Scotland Votes ‘No’ on Independence: The Best Reactions

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The two sides clash in George Square, Glasgow, Scotland, on September 18, 2014.Photo: Andy Buchanan/AFP/Getty Images

With only half of the votes counted on Thursday night, it was already clear that the Scots wanted to keep the United Kingdom united. Early on Friday morning, the final numbers confirmed it: 55 percent of voters chose to remain part of Britain, with 45 percent voting for independence.

The results left some elated that Scotland won’t be breaking up a union forged in 1707. Others are worried about what’s ahead for the U.K.(as Vox explains, the Scottish Parliament was promised greater autonomy if it stayed in Britain, which creates challenges for the U.K.’s entire system of government). And though we know a thing or two about breaking up with Britain, many Americans were just confused. Here’s a look at the early reactions.

In a speech early on Friday morning, Scotland’s pro-independence First Minister Alex Salmond accepted defeat:

We know that there’s going to be a majority for the “no” campaign. And it is important to say that our referendum was an agreed and consented process and Scotland has, by a majority, decided not at this stage to become an independent country. And I accept that verdict of the people. And I call on all of Scotland to follow suit in accepting the democratic verdict of the people of Scotland.

British Prime Minister David Cameron, whose career hung in the balance, celebrated the result. “The people of Scotland have spoken and it is a clear result,” he said. “They’ve kept our country of four nations together, and like millions of other people, I am delighted.”

Scotland’s Finance Minister John Swinney said the nation has “changed forever”:

We’ve had an enormous democratic debate, it has moved the country forward in a tremendous way, it has made Scotland a much more self confident country and, as a consequence, all of us who live in Scotland will have to work out where we go from here.

The Guardian’s Martin Kettle described the disappointment of “yes” supporters:

For Scots, the no vote means relief for some, despair for others, both on the grand scale. For those who dreamed that a yes vote would take Scots on a journey to a land of milk, oil and honey, the mood this morning will be grim. Something that thousands of Scots wanted to be wonderful or merely just to witness has disappeared. The anticlimax will be cruel and crushing. For others, the majority, there will be thankfulness above all but uneasiness too. Thursday’s vote exposed a Scotland divided down the middle and against itself. Healing that hurt will not be easy or quick. It’s time to put away all flags.

Labour MP Jim Murphy, speaking to BBC Scotland, predicted that the vote will lead to an “awakening” in England as well:

Liverpool, Manchester, Cardiff… there’s a real sense of disconnect between the village of Westminster and real people’s lives across the whole of the United Kingdom. So I think there’ll be, if you like, an English awakening of how can they do politics differently in England as well.

Harry Potter author J.K. Rowling, who threw her support behind the Better Together campaign and donated £1 million to the cause, shared a conciliatory tweet:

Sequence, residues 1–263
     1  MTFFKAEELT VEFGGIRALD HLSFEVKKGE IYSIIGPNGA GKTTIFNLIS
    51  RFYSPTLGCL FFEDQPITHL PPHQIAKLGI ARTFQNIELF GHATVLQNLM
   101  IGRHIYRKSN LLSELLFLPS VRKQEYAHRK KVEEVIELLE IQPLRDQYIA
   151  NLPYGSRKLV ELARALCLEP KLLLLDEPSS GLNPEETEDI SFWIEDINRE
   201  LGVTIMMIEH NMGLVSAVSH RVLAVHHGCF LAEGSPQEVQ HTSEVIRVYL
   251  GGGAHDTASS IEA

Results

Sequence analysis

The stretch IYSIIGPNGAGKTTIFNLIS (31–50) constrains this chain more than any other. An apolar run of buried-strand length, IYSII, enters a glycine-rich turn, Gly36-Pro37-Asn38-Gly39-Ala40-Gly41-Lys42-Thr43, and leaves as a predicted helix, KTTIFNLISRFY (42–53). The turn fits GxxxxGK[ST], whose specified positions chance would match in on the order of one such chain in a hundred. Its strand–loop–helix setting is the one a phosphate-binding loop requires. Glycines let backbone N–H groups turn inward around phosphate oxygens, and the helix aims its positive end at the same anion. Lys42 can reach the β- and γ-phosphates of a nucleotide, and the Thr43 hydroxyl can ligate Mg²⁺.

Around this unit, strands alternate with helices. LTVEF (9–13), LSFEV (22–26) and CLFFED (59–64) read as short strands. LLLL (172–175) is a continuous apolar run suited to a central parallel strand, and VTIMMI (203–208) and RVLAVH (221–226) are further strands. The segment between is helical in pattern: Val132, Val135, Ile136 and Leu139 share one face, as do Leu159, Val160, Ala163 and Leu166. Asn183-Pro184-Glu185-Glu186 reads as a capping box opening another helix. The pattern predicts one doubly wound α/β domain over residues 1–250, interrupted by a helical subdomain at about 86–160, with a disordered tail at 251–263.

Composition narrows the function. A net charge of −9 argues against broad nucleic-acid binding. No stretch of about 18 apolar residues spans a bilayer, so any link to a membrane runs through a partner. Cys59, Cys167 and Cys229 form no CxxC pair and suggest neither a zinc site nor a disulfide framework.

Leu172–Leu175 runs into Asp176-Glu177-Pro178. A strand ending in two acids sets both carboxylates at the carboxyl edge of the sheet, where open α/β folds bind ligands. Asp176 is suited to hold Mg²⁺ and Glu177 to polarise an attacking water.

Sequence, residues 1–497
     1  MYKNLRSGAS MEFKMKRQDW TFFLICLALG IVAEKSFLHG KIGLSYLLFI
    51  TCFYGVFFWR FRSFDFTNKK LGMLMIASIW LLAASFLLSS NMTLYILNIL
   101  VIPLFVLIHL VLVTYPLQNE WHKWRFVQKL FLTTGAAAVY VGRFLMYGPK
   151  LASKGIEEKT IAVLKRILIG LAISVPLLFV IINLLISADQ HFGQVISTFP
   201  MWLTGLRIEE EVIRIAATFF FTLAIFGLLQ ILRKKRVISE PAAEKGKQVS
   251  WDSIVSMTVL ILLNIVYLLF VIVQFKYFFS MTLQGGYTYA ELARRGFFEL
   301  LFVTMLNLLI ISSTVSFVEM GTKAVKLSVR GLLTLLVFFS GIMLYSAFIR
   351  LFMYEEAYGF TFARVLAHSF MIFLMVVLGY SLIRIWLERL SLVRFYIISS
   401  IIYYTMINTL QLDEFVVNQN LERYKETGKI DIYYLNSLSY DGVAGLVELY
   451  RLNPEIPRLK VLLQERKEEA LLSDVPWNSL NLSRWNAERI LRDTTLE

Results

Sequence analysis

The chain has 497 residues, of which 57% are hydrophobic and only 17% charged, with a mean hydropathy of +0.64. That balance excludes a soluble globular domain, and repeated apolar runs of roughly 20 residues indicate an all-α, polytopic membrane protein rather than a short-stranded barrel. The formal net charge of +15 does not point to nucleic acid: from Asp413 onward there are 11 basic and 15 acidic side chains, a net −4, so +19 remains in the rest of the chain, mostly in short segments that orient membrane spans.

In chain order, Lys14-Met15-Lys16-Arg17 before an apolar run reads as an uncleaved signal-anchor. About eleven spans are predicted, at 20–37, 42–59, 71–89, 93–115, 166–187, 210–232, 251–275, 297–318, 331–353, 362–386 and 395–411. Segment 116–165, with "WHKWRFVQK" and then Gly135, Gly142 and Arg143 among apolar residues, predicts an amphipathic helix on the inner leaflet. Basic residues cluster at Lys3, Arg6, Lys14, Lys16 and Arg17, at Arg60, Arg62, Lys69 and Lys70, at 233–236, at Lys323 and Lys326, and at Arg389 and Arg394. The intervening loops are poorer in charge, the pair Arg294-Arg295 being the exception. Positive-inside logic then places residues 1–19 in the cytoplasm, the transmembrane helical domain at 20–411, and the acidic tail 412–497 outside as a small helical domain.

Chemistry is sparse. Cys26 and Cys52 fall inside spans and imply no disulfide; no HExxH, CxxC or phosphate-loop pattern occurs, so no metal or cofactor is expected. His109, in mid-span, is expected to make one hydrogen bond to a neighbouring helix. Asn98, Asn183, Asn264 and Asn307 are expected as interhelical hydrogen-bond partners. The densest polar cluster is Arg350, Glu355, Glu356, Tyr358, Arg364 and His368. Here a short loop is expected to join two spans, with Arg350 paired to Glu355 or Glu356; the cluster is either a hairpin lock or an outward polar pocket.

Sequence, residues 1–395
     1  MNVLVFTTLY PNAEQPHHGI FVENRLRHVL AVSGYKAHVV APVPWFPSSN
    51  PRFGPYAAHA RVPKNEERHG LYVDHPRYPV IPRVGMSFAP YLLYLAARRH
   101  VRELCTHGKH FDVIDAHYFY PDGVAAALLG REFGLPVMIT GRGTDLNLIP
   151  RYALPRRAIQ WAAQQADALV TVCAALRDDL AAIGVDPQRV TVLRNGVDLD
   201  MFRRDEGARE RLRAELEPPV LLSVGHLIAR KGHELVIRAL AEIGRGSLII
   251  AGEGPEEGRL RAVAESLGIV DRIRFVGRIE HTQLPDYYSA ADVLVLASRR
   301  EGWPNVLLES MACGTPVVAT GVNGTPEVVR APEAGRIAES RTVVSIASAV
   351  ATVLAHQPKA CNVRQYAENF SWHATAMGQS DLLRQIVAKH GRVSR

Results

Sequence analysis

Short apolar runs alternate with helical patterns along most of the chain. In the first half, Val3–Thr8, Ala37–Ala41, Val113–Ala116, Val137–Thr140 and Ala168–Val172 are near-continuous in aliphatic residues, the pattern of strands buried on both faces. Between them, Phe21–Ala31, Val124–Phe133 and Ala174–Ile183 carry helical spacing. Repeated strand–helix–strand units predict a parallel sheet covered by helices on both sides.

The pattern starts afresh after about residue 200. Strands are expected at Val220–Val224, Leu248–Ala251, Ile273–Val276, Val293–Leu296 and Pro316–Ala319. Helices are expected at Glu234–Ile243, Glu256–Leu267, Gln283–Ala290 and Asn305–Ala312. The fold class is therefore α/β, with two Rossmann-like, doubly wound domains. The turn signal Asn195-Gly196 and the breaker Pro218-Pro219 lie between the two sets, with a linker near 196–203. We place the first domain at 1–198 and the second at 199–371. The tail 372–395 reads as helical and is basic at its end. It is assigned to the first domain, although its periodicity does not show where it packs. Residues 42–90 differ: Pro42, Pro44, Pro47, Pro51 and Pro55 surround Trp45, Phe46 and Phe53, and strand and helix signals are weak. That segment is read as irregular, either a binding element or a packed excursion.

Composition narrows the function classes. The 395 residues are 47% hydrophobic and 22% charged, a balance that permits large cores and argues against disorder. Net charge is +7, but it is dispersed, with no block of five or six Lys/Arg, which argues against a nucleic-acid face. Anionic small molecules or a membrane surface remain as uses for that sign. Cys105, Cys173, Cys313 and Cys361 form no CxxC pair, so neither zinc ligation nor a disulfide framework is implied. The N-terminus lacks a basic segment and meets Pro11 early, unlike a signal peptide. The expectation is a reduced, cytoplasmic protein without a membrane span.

The Telegraph’s Dan Hodges called the election hours before other media outlets, and said the result was obvious all along:

They won two and a half years ago when the referendum was first announced. Scotland, for reasons best known to itself, doesn’t want to be an independent nation.

Throughout this campaign there has never been a single moment when the “Yes” campaign has been ahead. For all the madness of the past two weeks, the history books will show this – there was only one poll, one solitary, rogue poll, that showed the people of Scotland voting for independence.

But because of that poll, the constitutional settlement of the UK has been torn apart. Or it hasn’t been torn apart. Scotland has been guaranteed “Home Rule”. The rest of us have been told we are about the become members of a federal Britain. And why? Because half a dozen people told a pollster they might tick that tiny box marked “Yes”. I wonder how many of them actually did?

The 2014 Scottish referendum campaign is over. Now the trouble begins.

While many in the media praised the Scottish people for remaining civilized during the vote, The Telegraph’s Alan Cochrane said the process was actually extremely divisive:

…I make no apologies for my overall view that this was far from a beautiful campaign. My email and phone logs would testify to that – tales of the word “coward” being gouged on a doctor’s door because she had a “No Thanks” poster in her window; a young office worker punched in the face because she said she was voting No.

Disgusting abuse continued right up to the very bitter end, with a Twitter attack on tennis champion Andy Murray’s decision to support independence, calling him a “miserable anti-British hypocritical little git”, and expressing the wish that he’d been killed in the Dunblane school massacre, which Murray survived as a child.

Taken together, the vitriol spewed by both sides adds up to nothing like the philosophical and moral debate that A L Kennedy and the other members of the blethering classes say they’ve witnessed.

…Both sides have no option but to accept the result of this referendum, but after the bitterness of the highly charged campaign, will there really be a collective desire to forgive and forget?

Turnout was at record levels across Scotland, and well over 90 percent in some regions. Some suggested that should serve as a lesson to the U.S.:

But mainly, Americans watching the BBC’s coverage (which aired on C-SPAN) were just confused by the lack of hysteria and flashy graphics in British election night coverage: